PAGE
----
The Full Wiki

Andrew Morton (writer): Wikis

  
  

Note: Many of our articles have direct quotes from sources you can cite, within the Wikipedia article! This article doesn't yet, but we're working on it! See more info or our list of citable articles.

Encyclopedia

From Wikipedia, the free encyclopedia

Andrew David Morton (born 1953 in Dewsbury, West Yorkshire) is a former British Fleet Street tabloid journalist, and a biographer.

Before moving into a career in journalism, he attended grammar school, then studied history at the University of Sussex.

Contents

Biography of Diana, Princess of Wales

Andrew Morton wrote a biography of Princess Diana called Diana: Her True Story. Following Diana's death in 1997, Morton issued an edition entitled Diana: Her True Story, Commemorative Edition.

Biography of Monica Lewinsky

Morton received public attention after Diana's death, when he revealed the extent of her collaborations with him. He achieved greater prominence in the United States after the publication of Monica's Story.

Tom Cruise: An Unauthorized Biography

Tom Cruise: An Unauthorized Biography was published in January 2008, and reprinted with an update in February 2009. In a New York Times review, Janet Maslin wrote "... Mr. Morton has found a number of former Scientologists who are willing to speak freely, and in some cases vengefully, about the group’s purported inner workings. Mr. Morton’s eagerness to include their voices leads him to push the limits of responsible reporting." Maslin added that Morton "provides a credible portrait extrapolated from the actor’s on-the-record remarks and highly visible public behavior."[1] Writing in Entertainment Weekly, Mark Harris gave the book a grade of "C-", and said "Cruise emerges from Morton's takedown moderately scratched but as uncracked as ever."[2] Another review in the New York Times by Ada Calhooun said:[3]

However shady Scientology may be, Morton’s language in “Tom Cruise: An Unauthorized Biography” is extreme. He and his sources compare the church and its leadership to fascists, the Roman Empire, storm troopers, Machiavelli, Orwell’s “Animal Farm,” Napoleon, Stalinists and North Korea. He also repeatedly invokes Nazism, and quotes without censure the German Protestant Church’s comparison of Cruise to Joseph Goebbels.

Teresa Budasi of the Chicago Sun-Times described the book as "fascinating", although Budasi also brought up a "question as to what’s true and what isn’t."[4] Budasi summed up her impression of the work, writing "Morton’s book is as much an indictment on Cruise’s chosen faith as it is the life story of one of the world’s biggest movie stars. And by the end you realize that 'Scientologist' is what will end up being the role of his lifetime."[4] In a review in The Buffalo News, Jeff Simon wrote of the author: "To give Morton the credit he’s clearly due: he is one of the best around at constructing a 250-page gossip column."[5]

Upon its publication, Cruise's lawyer and the Church of Scientology released statements which question the truthfulness of assertions made by Morton in the book. In a 15-page statement released to the press, the Church of Scientology called the book "a bigoted, defamatory assault replete with lies."[6] The book was not published in the UK, Australia, or New Zealand due to strict libel laws in those countries.[7]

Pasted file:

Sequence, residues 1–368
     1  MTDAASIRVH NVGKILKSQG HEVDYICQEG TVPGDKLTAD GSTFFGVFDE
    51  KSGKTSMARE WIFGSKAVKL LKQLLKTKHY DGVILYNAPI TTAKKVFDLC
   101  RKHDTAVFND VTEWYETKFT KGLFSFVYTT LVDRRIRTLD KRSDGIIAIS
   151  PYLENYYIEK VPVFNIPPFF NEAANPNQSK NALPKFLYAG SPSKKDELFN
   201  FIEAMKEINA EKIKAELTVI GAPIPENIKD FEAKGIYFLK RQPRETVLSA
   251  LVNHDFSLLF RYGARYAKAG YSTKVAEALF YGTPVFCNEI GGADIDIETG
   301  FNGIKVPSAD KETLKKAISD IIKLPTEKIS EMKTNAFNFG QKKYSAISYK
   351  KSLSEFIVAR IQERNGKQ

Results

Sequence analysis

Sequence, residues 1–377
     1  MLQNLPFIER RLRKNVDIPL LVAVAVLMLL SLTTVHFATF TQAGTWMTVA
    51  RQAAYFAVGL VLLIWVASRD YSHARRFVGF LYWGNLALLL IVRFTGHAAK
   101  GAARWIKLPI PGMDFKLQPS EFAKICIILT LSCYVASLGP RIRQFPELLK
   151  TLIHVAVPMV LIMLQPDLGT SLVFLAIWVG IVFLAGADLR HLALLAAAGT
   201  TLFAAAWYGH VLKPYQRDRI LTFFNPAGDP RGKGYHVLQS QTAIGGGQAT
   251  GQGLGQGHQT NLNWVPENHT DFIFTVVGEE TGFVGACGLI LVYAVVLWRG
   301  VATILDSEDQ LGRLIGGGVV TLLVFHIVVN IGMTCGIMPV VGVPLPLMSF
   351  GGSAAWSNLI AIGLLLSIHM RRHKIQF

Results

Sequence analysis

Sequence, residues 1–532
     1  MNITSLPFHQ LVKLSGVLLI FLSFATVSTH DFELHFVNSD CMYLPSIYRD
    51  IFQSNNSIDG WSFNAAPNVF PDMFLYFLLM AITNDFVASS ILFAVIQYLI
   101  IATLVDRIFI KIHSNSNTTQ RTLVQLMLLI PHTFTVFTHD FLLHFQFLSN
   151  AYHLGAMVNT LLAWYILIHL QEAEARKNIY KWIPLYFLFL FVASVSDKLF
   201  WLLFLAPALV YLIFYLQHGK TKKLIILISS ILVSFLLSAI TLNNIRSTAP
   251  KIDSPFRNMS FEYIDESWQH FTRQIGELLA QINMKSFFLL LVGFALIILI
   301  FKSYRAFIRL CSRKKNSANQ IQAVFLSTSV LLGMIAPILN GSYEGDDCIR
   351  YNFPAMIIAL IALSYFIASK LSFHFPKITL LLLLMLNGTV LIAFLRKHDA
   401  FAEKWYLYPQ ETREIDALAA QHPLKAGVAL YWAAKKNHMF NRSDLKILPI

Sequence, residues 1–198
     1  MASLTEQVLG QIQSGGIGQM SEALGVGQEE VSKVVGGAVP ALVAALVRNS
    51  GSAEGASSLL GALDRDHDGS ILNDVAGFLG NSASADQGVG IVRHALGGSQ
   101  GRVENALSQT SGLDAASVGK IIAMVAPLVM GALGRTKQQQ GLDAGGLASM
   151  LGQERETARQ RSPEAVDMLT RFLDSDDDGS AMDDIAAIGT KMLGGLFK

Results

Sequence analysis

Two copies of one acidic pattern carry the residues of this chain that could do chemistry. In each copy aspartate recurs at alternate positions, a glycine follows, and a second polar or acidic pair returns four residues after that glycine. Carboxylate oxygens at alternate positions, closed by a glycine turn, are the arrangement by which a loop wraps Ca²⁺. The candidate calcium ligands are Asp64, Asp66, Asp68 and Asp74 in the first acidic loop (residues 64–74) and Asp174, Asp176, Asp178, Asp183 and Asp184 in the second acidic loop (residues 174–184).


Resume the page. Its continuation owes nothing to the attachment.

Other publications

After Monica's Story, he investigated a mining disaster, which became his first non-royal journalistic account, Nine for Nine: The Pennsylvania Mine Rescue Miracle. He also wrote an authorized biography of Kenyan president Daniel arap Moi. The book resulted in a libel case brought against Morton by a Kenyan judge; Morton lost the case and was ordered to pay £45,700 in damages.[8]

Then Morton moved on to "king and queen of pop culture," as he termed them, David Beckham and his wife Victoria. Posh and Becks, became a No. 1 best-seller in the United Kingdom, but received little attention in the United States.

Soon after, Morton announced that he would be taking on the "queen of pop", Madonna. Despite a seven figure advance by St. Martin's Press and a 500,000-copy first printing, Madonna failed to make waves in America, where it spent only two weeks on the New York Times best-seller list (peaking at No. 8). By contrast, J. Randy Taraborrelli's Madonna: An Intimate Biography, released at the same time, became a massive best-seller in the United Kingdom (though it only made the extended New York Times best-seller list). Morton subsequently wrote another Diana book entitled In Pursuit of Love, with information that he had left unaddressed. The book made the New York Times best-seller list.

Books

  • Diana: Her True Story in Her Own Words. New York: Pocket. 1992. ISBN 0-671-02412-4.  
  • Monica's Story. New York: St. Martin's Press. 1999. ISBN 0-312-97362-4.  
  • Posh & Becks. Simon Spotlight Entertainment. 2000. ISBN 1-4169-5386-8.  
  • Madonna. New York: St. Martin's Press. 2001. ISBN 0-312-28786-0.  
  • Tom Cruise: An Unauthorized Biography. New York: St. Martin's Press. 2008. ISBN 0-312-35986-1.  

References

External links








Got something to say? Make a comment.
Your name
Your email address
Message